There is no doubt that the major personal event in Miyazawa Kenji's life was the death of his younger sister, Toshiko. Kenji, it must be remembered, was a man who displayed no particular interest in romantic love or sex. He is the only major Japanese author of any era whose works make virtually no reference to sex and only scant mention of love of the heart between two adults. He certainly could have married, coming from such an established family and having a respected career as a teacher. Arranged marriage was, indeed, offered to him at least twice. But he saw himself as too frail and sickly to take on the responsibility of a wife and family. In November 1922, Toshiko died of tuberculosis at the age of 25. Kenji composed three of his most famous poems, it is said, the very night of her death. One of them involves a cold journey, oddly illuminated:
Oh my little sister who is travelling so far away|
Sometime on this day...
It is sleeting, yet the light outdoors is strange!
How could he come to terms with her death other than by accepting it as a mere passing from one state to another? Certainly not an ending, but rather a single small step in a circle.
The sleet is sinking to slush|
Dark from the clouds of bismuth-ochre
You asked me for a refreshing bowl of snow
On the furthest verge of death
To bring light to my life
Thank you, my brave little sister
Now I too will continue forward without wavering
The next year he took a ship to Sakhalin, then a Japanese possession, and I am convinced that, in his mind, the purpose of the trip was not to forget Toshiko but somehow to search for her.
If Kenji thought he might come to understand the real and natural state of the dead spirit on the cold waters of the Sea of Okhotsk, he imagined that state in fiction a few years later when he wrote his classic novel, Night 0n the Milky Way Train. This lovely story is a parable. It describes the dream of a boy, Giovanni, as he takes a ride on a rail road car throughout the heavens in the company of his best friend, Campanella.
Miyazawa gave Italian names, the latter apparently a family name, to his two heroes. There are characters in the story with Japanese names as well, but it is clear from the line of the narrative that this is a tale of universal setting in more ways than one.
The two boys, meeting eccentric and fascinating people who inhabit or are passing through the sky on their way to their individual destinations, go from northern constellation to southern, observing incidents with fire and light of the most dramatic beauty.
Giovanni is never quite sure where the train is going, and is surprised to find a small folded piece of paper in his pocket when he is asked by the conductor for his ticket. The two boys gaze at the paper in amazement, feeling that "if they continued to stare at it they would certainly be swallowed up into it."
"Good heavens," says the bird catcher, a crusty character who catches herons in the Milky Way and presses them into cakes that are as good as goose, "that ticket is really tops. It will take you higher than the sky. With this ticket you've got safe conduct to anywhere your heart desires to go. With this ticket you can go wherever you wish on the imperfect Four-Dimensional-Milky-Way-Dream Train."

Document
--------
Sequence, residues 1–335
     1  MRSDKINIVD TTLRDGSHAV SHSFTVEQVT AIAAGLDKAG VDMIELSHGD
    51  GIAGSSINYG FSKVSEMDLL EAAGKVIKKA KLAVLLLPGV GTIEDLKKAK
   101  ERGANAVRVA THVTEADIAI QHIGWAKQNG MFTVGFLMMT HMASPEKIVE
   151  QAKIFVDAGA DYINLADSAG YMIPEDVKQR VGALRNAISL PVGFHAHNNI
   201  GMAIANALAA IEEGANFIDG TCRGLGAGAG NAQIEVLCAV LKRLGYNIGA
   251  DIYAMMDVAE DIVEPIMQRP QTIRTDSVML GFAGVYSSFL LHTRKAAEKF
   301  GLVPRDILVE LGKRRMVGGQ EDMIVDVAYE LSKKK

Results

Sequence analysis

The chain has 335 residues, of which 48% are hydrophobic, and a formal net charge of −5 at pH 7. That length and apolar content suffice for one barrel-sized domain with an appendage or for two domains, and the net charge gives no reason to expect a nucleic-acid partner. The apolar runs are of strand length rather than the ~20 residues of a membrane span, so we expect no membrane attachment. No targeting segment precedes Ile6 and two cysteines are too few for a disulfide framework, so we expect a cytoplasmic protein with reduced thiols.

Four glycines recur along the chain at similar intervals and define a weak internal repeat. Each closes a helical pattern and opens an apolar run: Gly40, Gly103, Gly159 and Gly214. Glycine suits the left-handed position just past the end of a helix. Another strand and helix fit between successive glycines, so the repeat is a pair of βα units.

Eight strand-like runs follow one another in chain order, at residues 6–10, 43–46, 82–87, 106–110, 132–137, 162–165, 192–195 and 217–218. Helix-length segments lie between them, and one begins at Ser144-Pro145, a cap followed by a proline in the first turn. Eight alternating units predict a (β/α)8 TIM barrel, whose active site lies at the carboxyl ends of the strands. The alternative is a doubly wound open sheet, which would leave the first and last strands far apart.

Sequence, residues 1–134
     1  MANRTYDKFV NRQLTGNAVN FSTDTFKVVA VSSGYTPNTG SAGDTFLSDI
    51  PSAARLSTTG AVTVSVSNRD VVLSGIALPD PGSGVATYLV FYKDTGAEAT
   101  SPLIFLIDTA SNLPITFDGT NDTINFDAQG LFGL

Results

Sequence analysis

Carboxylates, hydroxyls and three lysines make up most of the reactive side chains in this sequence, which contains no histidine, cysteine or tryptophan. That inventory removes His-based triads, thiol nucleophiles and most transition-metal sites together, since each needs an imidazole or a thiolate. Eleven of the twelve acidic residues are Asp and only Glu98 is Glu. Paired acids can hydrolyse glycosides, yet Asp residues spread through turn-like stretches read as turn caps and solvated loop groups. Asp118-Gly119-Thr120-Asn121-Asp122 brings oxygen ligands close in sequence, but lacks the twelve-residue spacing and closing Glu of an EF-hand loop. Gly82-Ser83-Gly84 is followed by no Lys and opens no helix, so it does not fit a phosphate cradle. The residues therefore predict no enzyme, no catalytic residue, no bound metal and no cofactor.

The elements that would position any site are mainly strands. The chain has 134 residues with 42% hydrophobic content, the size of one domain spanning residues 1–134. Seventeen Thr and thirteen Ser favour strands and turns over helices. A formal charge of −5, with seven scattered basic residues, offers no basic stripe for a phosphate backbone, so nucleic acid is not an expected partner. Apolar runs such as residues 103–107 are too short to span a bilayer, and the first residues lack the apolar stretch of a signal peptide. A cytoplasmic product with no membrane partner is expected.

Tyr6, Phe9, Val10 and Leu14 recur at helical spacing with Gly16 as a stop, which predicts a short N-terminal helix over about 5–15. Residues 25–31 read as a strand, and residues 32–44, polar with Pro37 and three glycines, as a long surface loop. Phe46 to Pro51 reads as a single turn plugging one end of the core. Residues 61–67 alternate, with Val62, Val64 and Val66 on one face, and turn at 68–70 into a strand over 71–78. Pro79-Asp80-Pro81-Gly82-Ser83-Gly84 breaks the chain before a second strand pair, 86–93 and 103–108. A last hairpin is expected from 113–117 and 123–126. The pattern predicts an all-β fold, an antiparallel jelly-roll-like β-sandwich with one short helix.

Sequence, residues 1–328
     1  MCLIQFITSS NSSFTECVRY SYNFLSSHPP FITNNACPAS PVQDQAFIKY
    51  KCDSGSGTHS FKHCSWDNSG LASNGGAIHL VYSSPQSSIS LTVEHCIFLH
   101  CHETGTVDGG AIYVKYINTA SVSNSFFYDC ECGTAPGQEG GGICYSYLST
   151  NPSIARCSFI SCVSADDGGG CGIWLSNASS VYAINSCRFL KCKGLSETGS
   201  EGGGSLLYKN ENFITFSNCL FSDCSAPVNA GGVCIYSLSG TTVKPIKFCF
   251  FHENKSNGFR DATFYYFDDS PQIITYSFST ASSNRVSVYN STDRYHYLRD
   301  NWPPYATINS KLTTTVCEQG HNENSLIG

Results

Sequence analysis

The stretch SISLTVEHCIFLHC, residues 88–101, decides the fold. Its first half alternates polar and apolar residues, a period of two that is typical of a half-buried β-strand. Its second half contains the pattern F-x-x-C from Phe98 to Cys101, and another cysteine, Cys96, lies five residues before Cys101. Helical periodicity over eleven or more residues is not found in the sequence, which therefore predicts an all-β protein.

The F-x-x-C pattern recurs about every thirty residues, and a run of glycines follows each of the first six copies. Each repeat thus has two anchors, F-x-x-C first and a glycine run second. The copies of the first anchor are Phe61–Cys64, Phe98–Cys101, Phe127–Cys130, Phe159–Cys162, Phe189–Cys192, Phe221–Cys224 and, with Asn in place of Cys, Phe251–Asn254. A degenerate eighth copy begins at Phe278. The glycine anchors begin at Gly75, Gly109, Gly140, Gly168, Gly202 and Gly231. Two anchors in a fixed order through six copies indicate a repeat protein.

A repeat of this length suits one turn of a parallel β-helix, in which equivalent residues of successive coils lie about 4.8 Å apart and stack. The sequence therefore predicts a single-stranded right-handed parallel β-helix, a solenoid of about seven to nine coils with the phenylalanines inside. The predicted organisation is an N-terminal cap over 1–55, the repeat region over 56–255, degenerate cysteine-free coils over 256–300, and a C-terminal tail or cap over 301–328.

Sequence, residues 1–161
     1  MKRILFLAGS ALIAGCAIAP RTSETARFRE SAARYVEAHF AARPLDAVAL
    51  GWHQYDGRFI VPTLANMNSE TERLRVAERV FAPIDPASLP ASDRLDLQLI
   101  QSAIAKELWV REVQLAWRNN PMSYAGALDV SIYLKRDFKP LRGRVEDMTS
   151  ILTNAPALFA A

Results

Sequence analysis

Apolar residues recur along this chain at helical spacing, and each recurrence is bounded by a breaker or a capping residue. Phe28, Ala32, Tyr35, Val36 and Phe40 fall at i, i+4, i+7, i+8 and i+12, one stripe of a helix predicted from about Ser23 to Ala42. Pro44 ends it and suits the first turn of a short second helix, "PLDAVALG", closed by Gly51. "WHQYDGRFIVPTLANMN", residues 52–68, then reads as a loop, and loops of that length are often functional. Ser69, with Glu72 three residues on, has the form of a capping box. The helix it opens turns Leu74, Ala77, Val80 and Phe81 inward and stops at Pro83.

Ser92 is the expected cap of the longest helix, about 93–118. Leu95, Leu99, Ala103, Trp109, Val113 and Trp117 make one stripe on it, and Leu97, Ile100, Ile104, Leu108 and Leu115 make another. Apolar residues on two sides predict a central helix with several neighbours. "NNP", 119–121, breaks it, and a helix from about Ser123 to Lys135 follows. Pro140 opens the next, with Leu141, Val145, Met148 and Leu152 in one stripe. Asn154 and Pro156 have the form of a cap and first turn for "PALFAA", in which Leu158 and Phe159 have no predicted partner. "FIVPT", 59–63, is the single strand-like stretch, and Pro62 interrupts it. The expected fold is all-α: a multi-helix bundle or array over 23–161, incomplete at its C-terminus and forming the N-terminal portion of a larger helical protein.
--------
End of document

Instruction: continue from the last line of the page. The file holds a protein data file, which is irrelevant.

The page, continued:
"Giovanni's Ticket" is the last and longest chapter of Night on the Milky Way Train. For Miyazawa the little piece of folded green paper that miraculously appeared out of Giovanni's pocket was a pass to the other world--and back. He must have held a similar ticket in his hand when he left Hokkaido, heading north to Sakhalin.
In a flash Campanella is gone from the train. Giovanni feels abandoned. After all, weren't the two friends going to continue on to the ends of the earth and beyond? Giovanni wakes up in the grass on the hill overlooking his town, where a festival is in progress. He makes his way down to the river. He is told that a boy has fallen in and has not been found. It is, of course, Campanella.
The startling thing about the ending is the attitude taken by Campanella's father in the face of his son's death. After only 45 minutes he decides to accept the fact. While gripping his watch tightly in his fist, he politely asks about Giovanni's father, who is due to return home after what appears to be a tour up north at the government's pleasure. He invites Giovanni to his home the next day, when the other children will be arriving for what will probably be a wake.
"With those words, Campanella's father gazed far downstream where the galaxy was part of the river itself."
Miyazawa is consoling himself over the death of his sister, telling himself that it is precisely at times of profound sadness that people should think not of the dead or themselves but rather of the welfare of others. The novel opens with the chapter "A Lesson in the Afternoon." The night ends the lesson.
"Downstream, the Milky Way was reflected from one edge of the river to the other as if there were no water there at all but only sky... Giovanni felt that by now Campanella could be nowhere but on the very farthest edge of that river of the sky."